For the evening, we had one simple task. Having been assigned a specified square in D.C., we were supposed to discover for ourselves the faces and challenges of being homeless for one very chilly evening. To do this we were given only a few supplies: a bus ticket, two dollars each, a map of our area, and the instructions to have a meal with someone and a conversation about homelessness in the city, and somehow get them a pair of socks. With the correct attitude, this seemed easy enough to my group. What we learned in the process of our endeavors is hopefully something that will stick with us for the rest of our lives.

We started out with an idea. We needed to earn more money somehow. While contemplating our options, we scoped out Dupont Circle to see what was around to eat and who our dinner guest might be. After determining that we had pretty limited options in dining on six dollars, we figured talking to some people about the issues at hand might help us out. We spoke with a woman representing a newspaper about homelessness, and she explained to us that the shelters present in the Dupont Circle area were dirty, the food was not good, and the people weren’t really treated like people. Devastated to hear about her one bad experience, we left feeling a little more sorry for the people we were supposed to be servicing during the evening. Quickly, however, this notion was reversed by an old man who had approached us the next block up. He told us that many of the panhandlers on the streets were faking homelessness, and that in reality pretending was just an easy way for them to get money. We thanked him for his insight, he gave us his blessing, and we were on our way, bitterly conflicted that we may wind up helping the wrong person.

Still, our main concern was being able to afford food to share with the right person, and so our hunt for more spending money ensued. After receiving a free pair of socks from a very kind man who was selling them on the street, and buying a newspaper for a dollar from the first woman we spoke to, we had five dollars to our name, which was not very promising for a meal for four.  Kait and I got our courage up to approach two generous young boys on the sidewalk. We explained to them our issue, and with a little haggling they forfeited another six dollars. Boy, were we lucky that people were so kind! We had doubled our budget!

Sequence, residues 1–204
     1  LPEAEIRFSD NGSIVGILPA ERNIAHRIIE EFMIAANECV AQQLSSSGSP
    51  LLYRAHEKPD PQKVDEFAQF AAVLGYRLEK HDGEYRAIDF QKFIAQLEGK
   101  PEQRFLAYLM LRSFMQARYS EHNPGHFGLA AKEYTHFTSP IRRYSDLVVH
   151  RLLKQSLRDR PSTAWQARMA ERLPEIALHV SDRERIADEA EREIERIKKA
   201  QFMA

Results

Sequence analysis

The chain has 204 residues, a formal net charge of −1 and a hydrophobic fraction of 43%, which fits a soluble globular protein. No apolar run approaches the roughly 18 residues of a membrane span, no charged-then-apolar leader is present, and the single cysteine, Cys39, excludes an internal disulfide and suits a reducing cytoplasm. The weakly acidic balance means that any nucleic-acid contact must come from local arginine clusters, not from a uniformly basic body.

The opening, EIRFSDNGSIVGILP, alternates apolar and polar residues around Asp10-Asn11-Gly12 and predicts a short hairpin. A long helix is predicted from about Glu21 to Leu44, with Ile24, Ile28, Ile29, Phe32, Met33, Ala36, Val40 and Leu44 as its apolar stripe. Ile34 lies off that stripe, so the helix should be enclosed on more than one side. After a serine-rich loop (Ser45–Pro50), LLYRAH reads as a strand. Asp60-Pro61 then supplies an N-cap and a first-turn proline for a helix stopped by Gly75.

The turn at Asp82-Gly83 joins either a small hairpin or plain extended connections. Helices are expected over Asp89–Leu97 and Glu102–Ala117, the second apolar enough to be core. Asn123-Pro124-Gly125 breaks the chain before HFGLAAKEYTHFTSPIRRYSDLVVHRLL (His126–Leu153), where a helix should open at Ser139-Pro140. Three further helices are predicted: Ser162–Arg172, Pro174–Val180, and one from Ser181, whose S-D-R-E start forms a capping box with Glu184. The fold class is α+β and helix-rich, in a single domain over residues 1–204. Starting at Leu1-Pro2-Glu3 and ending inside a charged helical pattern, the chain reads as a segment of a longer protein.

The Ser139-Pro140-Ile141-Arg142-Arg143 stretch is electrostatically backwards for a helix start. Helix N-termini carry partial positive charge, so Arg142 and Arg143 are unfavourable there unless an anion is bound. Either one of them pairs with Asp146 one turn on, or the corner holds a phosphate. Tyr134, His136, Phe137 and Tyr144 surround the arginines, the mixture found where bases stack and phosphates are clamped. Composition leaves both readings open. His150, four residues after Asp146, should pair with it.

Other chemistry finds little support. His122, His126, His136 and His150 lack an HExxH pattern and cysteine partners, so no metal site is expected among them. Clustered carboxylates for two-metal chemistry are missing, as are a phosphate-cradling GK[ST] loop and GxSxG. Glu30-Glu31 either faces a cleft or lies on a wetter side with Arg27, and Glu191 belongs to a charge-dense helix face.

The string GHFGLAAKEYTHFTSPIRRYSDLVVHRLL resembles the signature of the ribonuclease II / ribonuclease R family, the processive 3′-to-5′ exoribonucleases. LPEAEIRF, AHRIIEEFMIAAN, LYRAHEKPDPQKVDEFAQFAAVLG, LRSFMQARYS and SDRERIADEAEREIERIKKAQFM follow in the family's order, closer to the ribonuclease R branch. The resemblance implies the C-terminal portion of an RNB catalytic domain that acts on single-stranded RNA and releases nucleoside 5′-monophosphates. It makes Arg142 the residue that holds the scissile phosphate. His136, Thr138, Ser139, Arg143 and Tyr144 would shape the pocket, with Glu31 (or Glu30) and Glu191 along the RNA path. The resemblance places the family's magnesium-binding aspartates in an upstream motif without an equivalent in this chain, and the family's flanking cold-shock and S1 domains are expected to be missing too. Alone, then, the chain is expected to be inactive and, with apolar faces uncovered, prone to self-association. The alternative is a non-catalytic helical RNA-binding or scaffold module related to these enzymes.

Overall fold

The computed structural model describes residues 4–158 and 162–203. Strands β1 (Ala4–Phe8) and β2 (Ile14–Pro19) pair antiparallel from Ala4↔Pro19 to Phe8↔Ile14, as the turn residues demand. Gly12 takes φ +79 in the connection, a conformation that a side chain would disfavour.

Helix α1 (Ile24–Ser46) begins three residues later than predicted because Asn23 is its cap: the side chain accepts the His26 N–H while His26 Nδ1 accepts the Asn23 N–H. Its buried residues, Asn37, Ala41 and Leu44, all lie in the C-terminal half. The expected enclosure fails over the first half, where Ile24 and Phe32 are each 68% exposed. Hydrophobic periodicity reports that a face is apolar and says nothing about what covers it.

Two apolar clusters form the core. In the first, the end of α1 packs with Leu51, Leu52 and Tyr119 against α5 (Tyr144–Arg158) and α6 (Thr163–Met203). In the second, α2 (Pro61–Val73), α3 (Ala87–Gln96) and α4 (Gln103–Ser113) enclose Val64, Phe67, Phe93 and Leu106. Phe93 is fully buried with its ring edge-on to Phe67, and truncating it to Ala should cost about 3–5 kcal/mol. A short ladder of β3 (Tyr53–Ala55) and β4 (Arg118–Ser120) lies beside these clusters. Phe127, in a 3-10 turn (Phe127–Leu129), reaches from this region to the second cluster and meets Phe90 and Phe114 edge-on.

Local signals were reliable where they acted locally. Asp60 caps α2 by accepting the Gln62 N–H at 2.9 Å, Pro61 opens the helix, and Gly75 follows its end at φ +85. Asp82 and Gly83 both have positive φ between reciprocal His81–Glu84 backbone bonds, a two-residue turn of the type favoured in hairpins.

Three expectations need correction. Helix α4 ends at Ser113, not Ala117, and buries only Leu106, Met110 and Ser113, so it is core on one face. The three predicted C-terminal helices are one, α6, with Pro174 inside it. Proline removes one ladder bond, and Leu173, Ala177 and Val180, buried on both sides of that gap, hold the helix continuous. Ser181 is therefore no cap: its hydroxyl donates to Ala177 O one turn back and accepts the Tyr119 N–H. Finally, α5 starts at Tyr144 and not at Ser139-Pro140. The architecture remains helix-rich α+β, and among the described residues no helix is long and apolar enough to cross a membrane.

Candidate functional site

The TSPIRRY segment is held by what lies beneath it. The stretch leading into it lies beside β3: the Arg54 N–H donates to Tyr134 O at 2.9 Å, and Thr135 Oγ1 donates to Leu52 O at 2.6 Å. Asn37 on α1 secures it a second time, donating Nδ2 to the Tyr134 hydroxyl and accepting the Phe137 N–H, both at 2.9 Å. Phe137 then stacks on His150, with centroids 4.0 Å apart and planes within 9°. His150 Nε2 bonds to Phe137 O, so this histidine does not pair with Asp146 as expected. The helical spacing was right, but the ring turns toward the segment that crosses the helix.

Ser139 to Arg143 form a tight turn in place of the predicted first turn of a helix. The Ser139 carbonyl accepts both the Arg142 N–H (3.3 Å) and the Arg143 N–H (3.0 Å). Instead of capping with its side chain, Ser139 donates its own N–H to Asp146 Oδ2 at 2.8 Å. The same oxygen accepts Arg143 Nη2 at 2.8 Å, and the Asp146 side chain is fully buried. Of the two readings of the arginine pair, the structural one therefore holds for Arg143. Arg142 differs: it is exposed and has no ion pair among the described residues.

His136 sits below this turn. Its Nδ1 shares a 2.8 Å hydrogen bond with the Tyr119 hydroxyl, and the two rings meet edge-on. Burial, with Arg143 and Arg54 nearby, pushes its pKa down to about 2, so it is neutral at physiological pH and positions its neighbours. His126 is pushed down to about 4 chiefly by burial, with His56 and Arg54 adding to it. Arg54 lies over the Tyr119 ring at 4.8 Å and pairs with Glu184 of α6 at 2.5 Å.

As there were no McDonalds and no real grocery stores in the area, we settled for what we thought would be the best bet for getting a good hot meal for under $11: Subway. Two $5 foot long hot meatball subs cut into two pieces each gave us four sandwiches, and with tax, it had cost us exactly $11! The prior coincidences in the day led us to believe that everything had to have happened to us exactly this way for a reason.

So, here we were, completely ready to start our mission, when we walk out of Subway and find that we cannot find any one in need of our meal. After much searching, we finally came to a man sleeping on the steps of a bank, and offered him our sandwich. He was grateful, but declined our request to sit down to eat with him. I was a little disappointed, but figured it was okay since we were the ones who had woken him up from sleeping.

Still, the whole bus ride back to our meeting place I had contemplated what had happened in the past couple of hours. At first, I thought we had failed. Then, upon further thought, I realized that the actual meal part if the trip was not the task, but a tool. Sure, we hadn’t exactly had a conversation with the man sleeping at the bank, but in order to offer him a sandwich, we had encountered several different people who had taught us more about homelessness in D.C., exactly what we were meant to do in the first place. We did not have the satisfaction watching the man eat, but instead we learned a lot about life. The newspaper woman taught us that people are people, and no matter what happens to them in life, they should be treated as such. The man who stopped us on the corner explained that things may not always be as they seem to be. This, I know, can go both ways. Someone who may not seem to be struggling could be bearing an enormous pain inside; then again, those how seem to be in need may be getting along just fine. Finally, the two boys and the street vendor showed that human kindness can go a long way. Many people are willing to give of themselves when asked, with no prior knowledge of a situation or the people in them.

At first I had thought that when I heard about the other group’s experiences, I might be a little jealous that they got more out of their day than we did. Thinking about all that I had discovered, though, I knew my group’s experience was perfect. The guy on the street corner had given us his blessing, and I knew it had carried through during our entire journey. Whatever it was that was keeping an eye on us at Dupont Circle today had helped us achieve our goal, and forced us to really understand the more about ourselves and our lives.

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